Bay Area B-3 Heyday


The Oregonian dubbed me “Portland's Boss of the B-3,” but in part that's because I'm the best-known of a very small group.  Oh, there's some wonderful gospel organists playing in Portland churches, but as far as blues-jazz B-3 guys, we're far & few.  By contrast, when I came up in the San Francisco Bay Area music scene of the '70s, there were organ players—and good ones—all over the place.   The B-3 was a dying instrument—being replaced first by the Fender Rhodes piano and then by synthesizers—but I was lucky enough to catch the tail end of its heyday. 


My older brother had played in a band with an organ player named Corny Williams.  Corny played well and looked extremely cool while doing it! That's where I got the bug to play this large, strange instrument.  Later, my mom found an organ teacher—Norm Bellas--through an ad in the Chronicle.  Norm was teaching blues organ at a downtown music store.   I'd go out and see Norm play (he had a band with future Tower of Power guitarist Bruce Conte), as well as any other B-3 players I could find.  One of those was future Santana organist Tom Coster, with whom I also studied for a time.


Norm Bellas                                                          Tom Coster


But the Bay Area organ player who most inspired and influenced me was a guy both Norm and Tom had talked up: Chester Thompson.  CT was working in a bank then (!) while playing a weekend trio gig just down the hill from where I was living.  I camped out next to the Leslie Speaker every weekend; I couldn't believe what I was hearing!  (Later, when I was living with Bruce Conte, I told him and other T.O.P. members about Chester, leading to CT joining Tower of Power.)


Chester Thompson


Another wonderful Bay Area organist was Larry Bradford, a genius who could play the organ part to Chester's “Squib Cakes” while singing the trumpet solo!  Then there was Clifford Coulter down in San Jose, who played incredible organ, piano, melodica, guitar, and also sang like a bird.  (Clifford released a pair of albums on the Impulse label--definitely worth checking out.)  Sadly, I'm hearing that both Larry and Clifford are in declining health these days.


Larry Bradford (photo: Pete Fallico)                           Clifford Coulter 


There were so many others.  In Richmond, there were the Burton brothers. Kevin, the younger of the two, was a funk specialist; his older brother Newel played fantastic jazz organ.  (I've reconnected with Kevin on Facebook, and he tells me that his brother is still active in Sacramento.)  Some other names: Donny Beck (brother of T.O.P. drummer Ronnie Beck), Tommie Smith, Jimmy Ed, Merl Saunders (later with the Grateful Dead), Jackie Ivory, Duke Jethro (B.B. King's longtime organist), John Turk, Jimmy Pugh, Danny Daniels, Ed Kelly, Delbert Bump, and Terrell Prude.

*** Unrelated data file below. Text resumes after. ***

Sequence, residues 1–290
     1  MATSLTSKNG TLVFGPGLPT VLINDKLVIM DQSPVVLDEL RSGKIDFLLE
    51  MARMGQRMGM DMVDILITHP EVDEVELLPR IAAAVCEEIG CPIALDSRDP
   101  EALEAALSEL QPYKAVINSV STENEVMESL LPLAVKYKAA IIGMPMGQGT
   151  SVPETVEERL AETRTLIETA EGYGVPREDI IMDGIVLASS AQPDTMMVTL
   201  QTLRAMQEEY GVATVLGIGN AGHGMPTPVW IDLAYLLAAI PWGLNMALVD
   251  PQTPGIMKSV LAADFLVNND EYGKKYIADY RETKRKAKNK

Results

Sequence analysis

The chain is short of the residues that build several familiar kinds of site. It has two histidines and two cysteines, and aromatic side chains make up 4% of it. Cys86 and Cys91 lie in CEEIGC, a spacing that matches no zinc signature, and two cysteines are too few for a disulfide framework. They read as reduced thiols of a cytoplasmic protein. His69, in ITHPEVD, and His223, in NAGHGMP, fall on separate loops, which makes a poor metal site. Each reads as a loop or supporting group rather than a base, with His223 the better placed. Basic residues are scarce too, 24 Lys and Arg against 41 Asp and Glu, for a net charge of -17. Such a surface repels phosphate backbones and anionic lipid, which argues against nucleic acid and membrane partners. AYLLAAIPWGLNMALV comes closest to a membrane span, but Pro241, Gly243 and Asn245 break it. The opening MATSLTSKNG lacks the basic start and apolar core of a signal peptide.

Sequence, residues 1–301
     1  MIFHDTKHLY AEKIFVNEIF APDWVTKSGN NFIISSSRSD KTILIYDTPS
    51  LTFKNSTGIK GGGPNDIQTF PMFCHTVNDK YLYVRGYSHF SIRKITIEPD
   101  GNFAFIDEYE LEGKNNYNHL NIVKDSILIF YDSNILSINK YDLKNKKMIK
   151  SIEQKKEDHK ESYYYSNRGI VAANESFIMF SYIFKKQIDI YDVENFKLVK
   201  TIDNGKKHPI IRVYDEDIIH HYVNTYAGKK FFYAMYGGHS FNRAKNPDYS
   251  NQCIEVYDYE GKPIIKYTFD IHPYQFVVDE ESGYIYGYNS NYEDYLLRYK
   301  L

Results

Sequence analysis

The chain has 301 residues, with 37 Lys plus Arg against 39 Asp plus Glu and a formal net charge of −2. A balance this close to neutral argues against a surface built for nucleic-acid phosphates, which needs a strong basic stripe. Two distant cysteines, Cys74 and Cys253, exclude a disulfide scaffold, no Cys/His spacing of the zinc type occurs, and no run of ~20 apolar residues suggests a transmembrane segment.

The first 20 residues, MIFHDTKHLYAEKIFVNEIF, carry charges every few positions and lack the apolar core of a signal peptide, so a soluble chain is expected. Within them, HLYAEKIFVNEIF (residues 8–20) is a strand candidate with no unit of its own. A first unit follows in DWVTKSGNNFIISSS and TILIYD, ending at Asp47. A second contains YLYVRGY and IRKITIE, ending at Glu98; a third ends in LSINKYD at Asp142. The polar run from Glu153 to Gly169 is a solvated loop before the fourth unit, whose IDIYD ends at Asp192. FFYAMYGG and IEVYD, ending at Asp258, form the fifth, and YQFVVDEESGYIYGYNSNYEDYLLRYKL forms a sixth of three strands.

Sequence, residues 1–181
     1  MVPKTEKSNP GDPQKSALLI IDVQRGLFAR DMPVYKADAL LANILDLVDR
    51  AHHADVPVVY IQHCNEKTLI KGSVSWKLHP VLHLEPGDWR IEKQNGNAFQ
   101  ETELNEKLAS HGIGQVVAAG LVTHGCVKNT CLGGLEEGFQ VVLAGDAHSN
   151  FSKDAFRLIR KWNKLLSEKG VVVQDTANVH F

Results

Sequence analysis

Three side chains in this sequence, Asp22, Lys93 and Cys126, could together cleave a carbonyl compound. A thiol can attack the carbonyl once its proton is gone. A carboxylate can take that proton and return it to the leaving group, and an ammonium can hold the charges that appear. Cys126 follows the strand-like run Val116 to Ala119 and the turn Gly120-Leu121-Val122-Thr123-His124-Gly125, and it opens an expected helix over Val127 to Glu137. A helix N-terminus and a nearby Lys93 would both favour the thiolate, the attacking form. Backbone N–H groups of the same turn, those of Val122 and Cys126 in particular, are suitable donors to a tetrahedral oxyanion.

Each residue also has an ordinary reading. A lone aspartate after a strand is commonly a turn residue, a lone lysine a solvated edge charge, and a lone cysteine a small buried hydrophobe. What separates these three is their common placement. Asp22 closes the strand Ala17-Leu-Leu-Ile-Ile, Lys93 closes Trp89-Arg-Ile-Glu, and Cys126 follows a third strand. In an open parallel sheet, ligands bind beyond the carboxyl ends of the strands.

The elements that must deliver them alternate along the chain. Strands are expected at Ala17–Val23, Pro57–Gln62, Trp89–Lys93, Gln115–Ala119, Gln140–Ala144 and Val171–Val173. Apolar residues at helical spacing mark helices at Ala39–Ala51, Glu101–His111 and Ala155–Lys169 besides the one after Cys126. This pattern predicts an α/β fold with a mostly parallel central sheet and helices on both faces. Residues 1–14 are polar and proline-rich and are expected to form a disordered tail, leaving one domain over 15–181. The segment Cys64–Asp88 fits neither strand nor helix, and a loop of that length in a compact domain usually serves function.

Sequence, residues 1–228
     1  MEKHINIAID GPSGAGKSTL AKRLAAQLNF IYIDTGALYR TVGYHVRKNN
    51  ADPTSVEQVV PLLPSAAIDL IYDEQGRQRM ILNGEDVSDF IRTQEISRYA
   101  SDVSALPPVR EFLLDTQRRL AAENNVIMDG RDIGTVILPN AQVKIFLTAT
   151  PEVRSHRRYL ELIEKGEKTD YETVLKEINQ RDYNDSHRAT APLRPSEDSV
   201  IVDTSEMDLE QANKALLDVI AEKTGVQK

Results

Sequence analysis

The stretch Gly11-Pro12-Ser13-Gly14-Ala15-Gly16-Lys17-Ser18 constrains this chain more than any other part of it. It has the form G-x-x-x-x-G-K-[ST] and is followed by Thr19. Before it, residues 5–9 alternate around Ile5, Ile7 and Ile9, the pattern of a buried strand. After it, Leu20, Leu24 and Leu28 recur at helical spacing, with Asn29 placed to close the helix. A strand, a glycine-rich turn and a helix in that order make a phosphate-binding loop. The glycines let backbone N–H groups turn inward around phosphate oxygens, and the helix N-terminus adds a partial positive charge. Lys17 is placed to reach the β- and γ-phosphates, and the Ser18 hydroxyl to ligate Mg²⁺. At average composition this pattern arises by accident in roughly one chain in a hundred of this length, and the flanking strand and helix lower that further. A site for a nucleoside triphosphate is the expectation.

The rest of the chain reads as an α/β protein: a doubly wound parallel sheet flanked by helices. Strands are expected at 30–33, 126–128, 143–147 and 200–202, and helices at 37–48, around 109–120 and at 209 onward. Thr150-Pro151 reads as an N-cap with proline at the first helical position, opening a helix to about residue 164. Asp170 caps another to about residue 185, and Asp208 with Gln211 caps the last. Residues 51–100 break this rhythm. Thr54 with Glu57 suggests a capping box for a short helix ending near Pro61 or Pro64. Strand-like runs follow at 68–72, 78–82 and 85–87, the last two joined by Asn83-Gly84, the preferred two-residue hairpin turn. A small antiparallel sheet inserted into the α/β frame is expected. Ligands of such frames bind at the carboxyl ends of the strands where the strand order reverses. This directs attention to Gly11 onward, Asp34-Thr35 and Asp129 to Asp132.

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Kevin Burton                                              Jackie Ivory (center) (photo: Pete Fallico)            



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Duke Jethro (photo: Pete Fallico)                   John Turk (photo: Pete Fallico)


By the time I moved to Portland in '86, B-3 players were an endangered species in the Bay Area and elsewhere.  I learned that there had been some great organ players up here in Portland, including Bennie Wilson, “Count Dutch,” and Billy Larkin.  But the Count had passed, Larkin had moved, and Wilson didn't play organ anymore.  (Both Larkin & Wilson are now deceased.)  A couple of fine younger organists were on the scene, but no one was dragging a B-3 around to all their gigs.  Only the new arrival from San Francisco was crazy enough to do that!


Ed Kelly (photo: Pete Fallico)                     l to r: Hank Swarn, Mel Brown, & Billy Larkin

In the twenty-plus years since then, I've played well over a thousand B-3 gigs in the Portland area, and I'm proud to say that I've helped inspire a few youngsters to take up the large, large axe.  Meanwhile, Joey deFrancesco has been inspiring young keyboard players world-wide to become organists, and others, such as Larry Goldings and Pat Bianchi, are also doing fantastic things on the mighty B.  Call it a B-3 Renaissance.  But I know there will never be another Hammond B-3 heyday like the one I was fortunate enough to experience.  That was a Golden Age. 


 CD cover  photo 

Pat Bianchi              Larry Goldings                        Joey deFrancesco (@ Jimmy Mak's)


UPDATE, JULY 22, 2020:

Sadly, Larry Bradford and both Kevin & Newel Burton have passed away since I wrote the blog entry above in 2012.  No doubt that also goes for some of the other  organists I mentioned (I know that John Turk is among those deceased musicians).  Clifford Coulter is in poor health but hanging in there as of this writing.  Chester Thompson has also had some health issues but is still playing occasionally, and at a high level.  I had a "widow maker" heart attack myself a year ago but am now fine.

Speaking of Chester and Clifford: I got a chance to hang with both of them, along with Tom Coster (who is still doing well) at a 2013 benefit for Bruce Conte at Yoshi's in Oakland.  Current Santana organist David K. Mathews--a longtime friend--and my wife Tracy Turner-Pain had put the event together, and a who's-who of Bay Area funk, jazz, & soul musicians attended and played.  Tower of Power, Santana, Cold Blood, etc. were all represented.  At one point, I even got to play with Clifford and Dave--really a cool moment.  Below are a few photos from that event.

left to right: Tom Coster, Chester Thompson, and me

With Clifford Coulter


with Lydia Pense and Bruce Conte


left to right: Clifford Coulter, me, and David K. Mathews